Teenagers are in an important stage of their life, with much to deal with, from looming tests, exploring their personality and, of course, growing a lot. Sleep is very important for this as deep sleep triggers the release of a hormone called HGH (human growth hormone) which promotes normal growth in children and teenagers. The hormone also boosts muscle mass and helps repair cells and tissues.
Another important reason for sleeping is the link that sleep deficiency has with a serious risk of heart disease, kidney disease, high blood pressure, diabetes, and stroke. This is due to the role sleep plays in repairing your heart and blood vessels.
There is also a risk of developing obesity just due to lack of sleep. This is because sleep also controls two other hormones - a hormone to make you feel hungry (ghrelin) or full (leptin). When you don't get enough sleep, your level of ghrelin goes up and your level of leptin drops. This makes you feel hungrier than when you’ve had enough sleep. Teenagers who have had less sleep are also more likely to crave more sugary and starchy foods to give them more energy during the day.
Another important factor is that sleep also affects how your body reacts to insulin, the hormone that controls your blood glucose (sugar) level. So not sleeping could result in a higher than normal blood sugar level, leaving you at risk of developing type two diabetes.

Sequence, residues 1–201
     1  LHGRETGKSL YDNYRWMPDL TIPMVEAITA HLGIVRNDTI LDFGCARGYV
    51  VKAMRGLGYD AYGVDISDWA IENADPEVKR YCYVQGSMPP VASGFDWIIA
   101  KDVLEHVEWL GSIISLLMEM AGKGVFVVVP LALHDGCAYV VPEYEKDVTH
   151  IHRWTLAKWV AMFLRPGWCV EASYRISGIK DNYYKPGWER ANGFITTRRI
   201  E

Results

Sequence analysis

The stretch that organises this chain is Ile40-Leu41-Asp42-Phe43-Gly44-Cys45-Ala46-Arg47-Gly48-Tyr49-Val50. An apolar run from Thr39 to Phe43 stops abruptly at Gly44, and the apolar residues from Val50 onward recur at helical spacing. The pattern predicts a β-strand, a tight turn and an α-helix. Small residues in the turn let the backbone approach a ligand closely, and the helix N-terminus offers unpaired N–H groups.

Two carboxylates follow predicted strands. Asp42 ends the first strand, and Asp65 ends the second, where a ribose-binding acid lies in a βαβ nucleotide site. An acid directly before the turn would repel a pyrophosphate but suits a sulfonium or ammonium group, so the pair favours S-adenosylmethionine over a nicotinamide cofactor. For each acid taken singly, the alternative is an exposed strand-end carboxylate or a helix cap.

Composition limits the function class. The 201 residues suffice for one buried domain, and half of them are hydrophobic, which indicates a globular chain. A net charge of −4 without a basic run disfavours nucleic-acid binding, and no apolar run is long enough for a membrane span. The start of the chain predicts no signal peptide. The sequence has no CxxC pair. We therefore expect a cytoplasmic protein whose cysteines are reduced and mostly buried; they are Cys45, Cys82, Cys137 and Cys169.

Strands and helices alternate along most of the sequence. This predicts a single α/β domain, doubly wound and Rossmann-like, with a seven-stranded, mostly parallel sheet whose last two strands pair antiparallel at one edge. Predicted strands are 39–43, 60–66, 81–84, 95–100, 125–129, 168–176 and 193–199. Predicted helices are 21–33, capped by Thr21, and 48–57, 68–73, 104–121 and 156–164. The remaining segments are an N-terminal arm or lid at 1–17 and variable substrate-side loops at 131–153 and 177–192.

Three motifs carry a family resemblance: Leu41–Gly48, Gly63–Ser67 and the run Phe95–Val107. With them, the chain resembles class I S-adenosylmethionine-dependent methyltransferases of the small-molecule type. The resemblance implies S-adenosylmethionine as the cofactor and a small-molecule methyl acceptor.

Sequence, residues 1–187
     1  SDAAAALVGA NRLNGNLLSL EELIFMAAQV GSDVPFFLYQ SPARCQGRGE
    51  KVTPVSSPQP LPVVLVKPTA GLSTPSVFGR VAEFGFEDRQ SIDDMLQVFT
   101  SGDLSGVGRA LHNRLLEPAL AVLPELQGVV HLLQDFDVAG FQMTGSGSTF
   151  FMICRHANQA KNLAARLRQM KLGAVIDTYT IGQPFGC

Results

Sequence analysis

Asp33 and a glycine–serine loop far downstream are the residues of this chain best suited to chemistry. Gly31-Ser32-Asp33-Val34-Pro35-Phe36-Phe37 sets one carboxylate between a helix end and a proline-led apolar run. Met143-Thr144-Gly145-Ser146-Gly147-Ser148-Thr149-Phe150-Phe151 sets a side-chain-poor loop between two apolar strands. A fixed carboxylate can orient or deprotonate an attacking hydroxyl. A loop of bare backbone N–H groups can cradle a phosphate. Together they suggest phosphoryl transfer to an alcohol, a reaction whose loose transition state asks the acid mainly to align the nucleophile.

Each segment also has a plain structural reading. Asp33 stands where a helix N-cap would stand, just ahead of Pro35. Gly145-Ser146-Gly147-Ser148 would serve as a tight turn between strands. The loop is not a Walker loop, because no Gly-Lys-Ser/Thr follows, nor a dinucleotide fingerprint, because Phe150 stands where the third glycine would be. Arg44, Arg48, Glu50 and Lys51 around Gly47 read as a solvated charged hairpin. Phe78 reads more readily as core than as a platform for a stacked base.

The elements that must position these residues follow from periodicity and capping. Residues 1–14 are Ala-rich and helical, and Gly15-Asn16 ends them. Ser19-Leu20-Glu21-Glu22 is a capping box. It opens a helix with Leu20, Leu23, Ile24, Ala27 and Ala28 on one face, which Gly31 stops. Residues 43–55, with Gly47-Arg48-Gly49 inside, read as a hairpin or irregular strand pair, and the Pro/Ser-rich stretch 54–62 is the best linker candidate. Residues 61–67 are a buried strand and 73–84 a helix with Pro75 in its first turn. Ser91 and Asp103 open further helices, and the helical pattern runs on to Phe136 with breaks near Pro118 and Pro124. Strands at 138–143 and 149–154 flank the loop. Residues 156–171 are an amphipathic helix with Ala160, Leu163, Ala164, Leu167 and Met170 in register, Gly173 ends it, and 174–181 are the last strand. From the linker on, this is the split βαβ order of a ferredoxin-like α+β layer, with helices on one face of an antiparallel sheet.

So how much sleep do teenagers need? The NHS recommends over 9 hours of sleep. However in a recent survey carried out on year 7-11 pupils at the High School for Girls, Gloucester, it was discovered that only 11.5% percent of pupils were achieving this. The majority of students were only getting seven to eight hours of sleep on a school night and some people even admitted to having not gone to bed at all on a school night!
There were a variety of things pupils said that affected their sleep but based on their comments we have put together some tips to help you avoid these sleep- related problems.
- Try to avoid electronics (especially your phone) for a few hours before you go to bed as the blue light given off by them stimulates your brain to think that it is daytime.
- Do your homework earlier in the evening so it is out of the way and won’t give you lots of stress.
- Make sure you have eaten enough dinner so you don’t need to snack before bed. This will give you too much energy when you don’t need it.
- Leave some time to wind down before going to bed. Do something you find relaxing. For example some people thought that reading, listening to music, having a hot bath or doing some exercise to making tired before going to bed would really help them to get to sleep.
Will sleep affect students’ grades and learning ability?
It is well known that teenagers often grumble about getting themselves out of bed to head off to school. Parents will always remember fighting the “morning battle” with their kids as they do the school run. But is there something more to the desire for prolonged sleep, than just pure laziness? Should schools give teenagers the extra sleep they need by starting school at a later time?
A teenager’s body clock does not go well with an early rise. Naturally most teenagers will struggle to feel tired before 11:00pm. But it is best to try to pull your body clock back by one hour and hit the hay by at least 10pm. This way teenagers can wake up an hour earlier but still receive the adequate amount of sleep. During adolescence a minimum of nine hours of sleep is needed but most teens will only have around seven hours at maximum. A lack of sleep could lead to irritability, hyperactivity and a lack of concentration says American scientist, David T. Willingham.